Wiring receptacle question

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Forum topic by EOD_Eric posted 10-07-2012 05:00 AM 1247 views 0 times favorited 6 replies Add to Favorites Watch
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29 posts in 4242 days

10-07-2012 05:00 AM

Okay, so I finally have some time to get my shop set up in the new house. I had the shop wired for 220 when it was built and started working on setting up my new bandsaw today. One problem…the installed outlets are 10-30 and 10-50 outlets. There is four wire run to each outlet, but the ground is not hooked up to the receptacle. Any idea if I can use a 10-30 plug on my bandsaw (the owners manual says to use a 6-15) or can I safely put a 6-15 outlet on this circuit. It is a 30 amp circuit…the fact that there is a 50a receptacle Already annoys me, but just don’t want to burn the house or tool up by doing something wrong.

6 replies so far

View Mark Whitsitt's profile

Mark Whitsitt

86 posts in 3994 days

#1 posted 10-07-2012 06:07 AM

Really, your biggest problem is that you don’t have ground. Get that fixed straight away!

Having an outlet rated for 50 amps on a 30 amp circuit doesn’t hurt, but a15 amp outlet on a 30 amp circuit is bad if you try to pull 30 amps. Higher rated transmission devices don’t automatically draw higher current ; it’s the current being drawn by the load(s) on the outlet that matter. If the outlet isn’t rated sufficiently high enough., that’s when you have to worry about a fire.

The manufacturer’s advice is if you’ve only got the bandsaw plugged in that outlet. If you’re planning to run your dc from the same outlet, you’ll need the 30 amp (or higher) outlet. Just don’t exceed 30 amps total or the breaker will trip. The breaker is where the actual overcurrent protection is anyway.

As far as plugs go, you should be fine using a 10-30 plug on the bandsaw; just don’t use something smaller than 6-15. The only drawback is you won’t be able to use it on 6-15 outlets, but since it doesn’t sound like you have any of those, you’re fine.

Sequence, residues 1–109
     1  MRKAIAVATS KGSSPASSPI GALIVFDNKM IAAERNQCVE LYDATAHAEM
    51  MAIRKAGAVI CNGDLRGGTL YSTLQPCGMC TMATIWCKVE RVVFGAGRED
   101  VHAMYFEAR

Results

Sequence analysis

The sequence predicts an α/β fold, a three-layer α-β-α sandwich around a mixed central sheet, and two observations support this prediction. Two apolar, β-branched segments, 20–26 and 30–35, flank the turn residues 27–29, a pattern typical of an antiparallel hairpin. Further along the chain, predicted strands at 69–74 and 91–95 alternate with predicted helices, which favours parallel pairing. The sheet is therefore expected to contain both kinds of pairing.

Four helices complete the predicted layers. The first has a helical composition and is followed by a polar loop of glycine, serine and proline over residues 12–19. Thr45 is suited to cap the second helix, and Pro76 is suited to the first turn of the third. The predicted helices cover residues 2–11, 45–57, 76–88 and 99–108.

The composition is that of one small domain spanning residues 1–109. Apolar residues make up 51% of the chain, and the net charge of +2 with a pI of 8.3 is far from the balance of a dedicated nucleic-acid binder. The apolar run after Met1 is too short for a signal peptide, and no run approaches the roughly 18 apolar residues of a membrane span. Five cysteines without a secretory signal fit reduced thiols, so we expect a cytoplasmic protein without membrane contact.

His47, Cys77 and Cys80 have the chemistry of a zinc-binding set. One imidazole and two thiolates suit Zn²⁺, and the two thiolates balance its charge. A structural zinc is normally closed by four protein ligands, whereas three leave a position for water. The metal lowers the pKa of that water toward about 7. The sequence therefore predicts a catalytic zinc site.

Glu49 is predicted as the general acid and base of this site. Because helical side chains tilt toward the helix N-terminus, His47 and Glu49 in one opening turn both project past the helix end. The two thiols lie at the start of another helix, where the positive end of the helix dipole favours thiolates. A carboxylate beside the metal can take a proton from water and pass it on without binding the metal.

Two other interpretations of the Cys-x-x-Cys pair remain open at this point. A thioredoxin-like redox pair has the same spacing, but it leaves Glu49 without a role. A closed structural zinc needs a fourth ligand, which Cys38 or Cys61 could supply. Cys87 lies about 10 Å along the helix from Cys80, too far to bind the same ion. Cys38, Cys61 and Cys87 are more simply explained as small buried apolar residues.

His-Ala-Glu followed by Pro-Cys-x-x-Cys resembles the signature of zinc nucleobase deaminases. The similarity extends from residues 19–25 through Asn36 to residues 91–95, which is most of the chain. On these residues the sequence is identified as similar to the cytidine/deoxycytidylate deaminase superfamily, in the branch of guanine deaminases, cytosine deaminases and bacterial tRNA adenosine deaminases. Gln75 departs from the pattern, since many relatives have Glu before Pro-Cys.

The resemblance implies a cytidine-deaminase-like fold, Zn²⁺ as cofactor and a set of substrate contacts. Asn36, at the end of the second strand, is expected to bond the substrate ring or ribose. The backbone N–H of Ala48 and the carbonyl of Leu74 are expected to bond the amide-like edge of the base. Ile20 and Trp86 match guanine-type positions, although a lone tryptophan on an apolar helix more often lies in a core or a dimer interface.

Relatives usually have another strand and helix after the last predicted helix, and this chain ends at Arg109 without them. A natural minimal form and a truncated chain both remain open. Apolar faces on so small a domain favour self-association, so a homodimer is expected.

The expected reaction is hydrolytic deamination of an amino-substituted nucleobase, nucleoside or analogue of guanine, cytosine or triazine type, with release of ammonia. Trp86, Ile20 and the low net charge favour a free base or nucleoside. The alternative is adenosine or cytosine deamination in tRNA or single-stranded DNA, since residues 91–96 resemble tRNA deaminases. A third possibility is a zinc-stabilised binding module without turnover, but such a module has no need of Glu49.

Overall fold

-- -- "there are many good reasons to use old hand tools, but moral superiority is NOT one of them..."

View TopamaxSurvivor's profile


20285 posts in 4691 days

#2 posted 10-07-2012 06:17 AM

The 6-15 needs to be fused at 15 amps per code. It is not rated to have higher over current protection.

Definitely get the ground connected! The ground on electrical systems is like the brakes on your car. If they don’t work, you really don’t want to be driving, do you?

-- Bob in WW ~ "some old things are lovely, warm still with life ... of the forgotten men who made them." - D.H. Lawrence

View Fred Hargis's profile

Fred Hargis

6848 posts in 3508 days

#3 posted 10-07-2012 11:05 AM

It’s very common to see 240V appliances running without a neutral, and I would expect that your outlets have the white wire serving as a ground, with the ground wire simply not connected. It’s also common (in unincorporated areas) to see the common (white) and ground shared a bus bar inside the panel. Sounds like your electrician had 4 conductor wire and a 3 conductor outlet. This is easily checked with a VOM, and if hooked up correctly will work fine with your bandsaw…assuming it’s wired correctly to the 10-30 plug. The saw can get by on a smaller circuit, but will be just fine on the larger one. To check the outlet, measure voltage across each hot to the ground (should be 120V), then it will also measure 240V across the 2 hots. If that’s not the case, you will need to fix the outlet.

-- Our village hasn't lost it's idiot, he was elected to congress.

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775 posts in 3382 days

#4 posted 10-07-2012 12:34 PM

+ 1 on fred hargis com…


View EOD_Eric's profile


29 posts in 4242 days

#5 posted 10-07-2012 04:03 PM

Thanks everyone for the helpful info. Checked the voltage and I am getting 120, 120 and 240 like I should. I am outside city limits, so I now suspect that what Fred said is what happened. Will take a look at the bus bar after church this morning. Thanks again for the explanation everyone.

View MJCD's profile


608 posts in 3386 days

#6 posted 10-07-2012 06:34 PM

Many moons ago, when Black was the only car color, the 220/240V circuits did not have a separate neutral/ground; the nature of 220/240V doesn’t require a separate neutral, and grounding-sense has matured during the years. – in the real world is that all new 220/240 circuits have a separate ground, and should.


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